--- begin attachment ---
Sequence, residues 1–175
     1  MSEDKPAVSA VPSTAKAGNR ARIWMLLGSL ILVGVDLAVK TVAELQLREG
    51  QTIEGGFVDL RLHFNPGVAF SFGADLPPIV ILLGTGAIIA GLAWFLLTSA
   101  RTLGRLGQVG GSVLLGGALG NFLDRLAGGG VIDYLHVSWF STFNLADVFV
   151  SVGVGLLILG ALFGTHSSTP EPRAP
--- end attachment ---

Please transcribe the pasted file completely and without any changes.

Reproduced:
Sequence, residues 1–175
     1  MSEDKPAVSA VPSTAKAGNR ARIWMLLGSL ILVGVDLAVK TVAELQLREG
    51  QTIEGGFVDL RLHFNPGVAF SFGADLPPIV ILLGTGAIIA GLAWFLLTSA
   101  RTLGRLGQVG GSVLLGGALG NFLDRLAGGG VIDYLHVSWF STFNLADVFV
   151  SVGVGLLILG ALFGTHSSTP EPRAP